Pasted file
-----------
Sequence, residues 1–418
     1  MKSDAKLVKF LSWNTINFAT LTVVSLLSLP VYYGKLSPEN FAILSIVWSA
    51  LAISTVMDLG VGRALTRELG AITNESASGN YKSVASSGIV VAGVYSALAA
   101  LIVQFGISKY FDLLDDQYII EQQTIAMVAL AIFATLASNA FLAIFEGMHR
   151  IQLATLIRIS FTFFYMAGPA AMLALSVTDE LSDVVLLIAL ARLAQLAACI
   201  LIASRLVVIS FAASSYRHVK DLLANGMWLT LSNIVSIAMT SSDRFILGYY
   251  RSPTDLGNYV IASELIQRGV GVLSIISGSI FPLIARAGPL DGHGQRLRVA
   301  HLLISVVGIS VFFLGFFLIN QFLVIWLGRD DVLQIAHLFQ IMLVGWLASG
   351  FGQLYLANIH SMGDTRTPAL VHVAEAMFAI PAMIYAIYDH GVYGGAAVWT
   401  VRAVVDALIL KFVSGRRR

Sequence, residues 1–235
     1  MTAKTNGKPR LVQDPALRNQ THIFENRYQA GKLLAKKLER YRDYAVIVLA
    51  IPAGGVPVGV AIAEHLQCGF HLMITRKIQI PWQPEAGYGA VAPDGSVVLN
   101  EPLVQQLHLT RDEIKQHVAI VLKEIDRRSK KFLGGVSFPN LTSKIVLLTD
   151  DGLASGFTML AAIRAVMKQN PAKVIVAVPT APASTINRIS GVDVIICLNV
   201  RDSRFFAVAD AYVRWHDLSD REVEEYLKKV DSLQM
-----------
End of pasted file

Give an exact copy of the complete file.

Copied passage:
Sequence, residues 1–418
     1  MKSDAKLVKF LSWNTINFAT LTVVSLLSLP VYYGKLSPEN FAILSIVWSA
    51  LAISTVMDLG VGRALTRELG AITNESASGN YKSVASSGIV VAGVYSALAA
   101  LIVQFGISKY FDLLDDQYII EQQTIAMVAL AIFATLASNA FLAIFEGMHR
   151  IQLATLIRIS FTFFYMAGPA AMLALSVTDE LSDVVLLIAL ARLAQLAACI
   201  LIASRLVVIS FAASSYRHVK DLLANGMWLT LSNIVSIAMT SSDRFILGYY
   251  RSPTDLGNYV IASELIQRGV GVLSIISGSI FPLIARAGPL DGHGQRLRVA
   301  HLLISVVGIS VFFLGFFLIN QFLVIWLGRD DVLQIAHLFQ IMLVGWLASG
   351  FGQLYLANIH SMGDTRTPAL VHVAEAMFAI PAMIYAIYDH GVYGGAAVWT
   401  VRAVVDALIL KFVSGRRR

Sequence, residues 1–235
     1  MTAKTNGKPR LVQDPALRNQ THIFENRYQA GKLLAKKLER YRDYAVIVLA
    51  IPAGGVPVGV AIAEHLQCGF HLMITRKIQI PWQPEAGYGA VAPDGSVVLN
   101  EPLVQQLHLT RDEIKQHVAI VLKEIDRRSK KFLGGVSFPN LTSKIVLLTD
   151  DGLASGFTML AAIRAVMKQN PAKVIVAVPT APASTINRIS GVDVIICLNV
   201  RDSRFFAVAD AYVRWHDLSD REVEEYLKKV DSLQM